The University of Texas at Austin filed its brief to the United States Supreme Court in response to the case of Fisher v. University of Texas at Austin on Aug. 6.
In response to a case where a student claims she was denied undergraduate admission to the University of Texas at Austin because she is white, the university released a statement on Monday saying race is a necessary and constitutional admissions factor.
In their brief filed to the United States Supreme Court, the university argues that its admissions process is a constitutional practice that promotes the educational benefits of diversity.
The university considers an applicant’s race, along with other factors including extracurricular activities, leadership potential, work experience and honors, to determine whether a student is accepted into the university or not.
“UT has a broad vision of diversity, which looks to a wide variety of individual characteristics, including an applicant’s culture; language; family; educational, geographical and socioeconomic background; work, volunteer and internship experiences; special artistic or other talents, as well as race and ethnicity,” the brief stated.
The case in question, Fisher v. University of Texas at Austin, was filed in 2008 when Abigail Noel Fisher was denied admission for what she thought was because of her race. The case will be on the Supreme Court’s calendar for the term beginning in October 2012. However, the university said their policy meets the standards set out by the Supreme Court in 2003.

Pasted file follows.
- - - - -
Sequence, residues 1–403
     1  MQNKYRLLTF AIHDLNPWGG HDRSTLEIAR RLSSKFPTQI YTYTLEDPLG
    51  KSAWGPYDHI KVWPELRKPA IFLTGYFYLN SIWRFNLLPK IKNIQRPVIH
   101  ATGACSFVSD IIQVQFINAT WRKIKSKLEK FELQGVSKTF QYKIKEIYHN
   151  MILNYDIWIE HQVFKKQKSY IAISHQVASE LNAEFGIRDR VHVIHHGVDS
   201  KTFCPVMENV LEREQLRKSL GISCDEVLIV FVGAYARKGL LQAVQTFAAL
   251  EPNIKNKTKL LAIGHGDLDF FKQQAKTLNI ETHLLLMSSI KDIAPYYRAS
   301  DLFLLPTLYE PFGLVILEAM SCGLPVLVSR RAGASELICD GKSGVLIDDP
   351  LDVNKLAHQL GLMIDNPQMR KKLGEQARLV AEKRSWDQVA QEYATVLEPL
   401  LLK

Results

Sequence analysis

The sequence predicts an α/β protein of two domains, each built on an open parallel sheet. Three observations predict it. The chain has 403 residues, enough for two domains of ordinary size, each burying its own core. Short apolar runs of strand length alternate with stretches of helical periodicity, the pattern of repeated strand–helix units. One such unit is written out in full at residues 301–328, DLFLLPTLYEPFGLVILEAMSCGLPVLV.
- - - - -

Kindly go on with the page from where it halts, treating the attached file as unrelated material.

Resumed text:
Decisions in previous cases, such as Grutter v. Bollinger and Regents of the University of California v. Bakke, prohibit racial quotas, but acknowledge the importance of diversity and allowed universities to consider race when admitting students.
"I think it is unfair UT is saying race is a necessary factor to admissions because there are many other things that can affect how well a student does when they get to college,” Kellie McKnight, senior journalism major, said.
Others believe using race as a factor in admission could also be a justification in applicant’s exclusion to the university.
UT states race is not an automatic or predominant factor during the admissions process. Its admissions system is used to complement the Top 10 Percent Law, which bases the admissions decision on only one factor: class rank.
“I do not think we have the luxury, economically, of being so lenient with the admissions process,” Jerry Chapa, senior advertising major, said. “I feel like there is a lot of aid that is wasted on students who were accepted into the university but failed out because they truly weren't prepared.”
The Top 10 Percent Rule Law, also known as House Bill 588, automatically grants in –state students who graduate in the top 10 percent of their high school class admission to any Texas public university. Fisher had just missed the top ten percent cutoff and was considered based on her talents, leadership qualities, family circumstances, as well as race.
In 2011, Senate Bill 175, allowed the university to modify its admissions process, now automatically admitting only the top eight percent.
"I agree and I disagree with the top ten percent rule. If you go to a school with close to a thousand students, I see how the rule could be fair to students getting in,” McKnight said. “Overall, I think if a university would look at all applications fairly, I think the ten percent rule could be done away with."
UT argues that the Top 10 Percent Law does not provide the educational benefits of a diverse student body. The university’s current admissions process allows for acceptance based on many factors and creates a broad diversity, including diversity within different racial groups.
“I think it's great that the university is actively trying to promote diversity with programs such as Explore UT and Subiendo, but using race in the admissions process seems a bit archaic,” Chapa said.
UT President Bill Powers explaining the brief: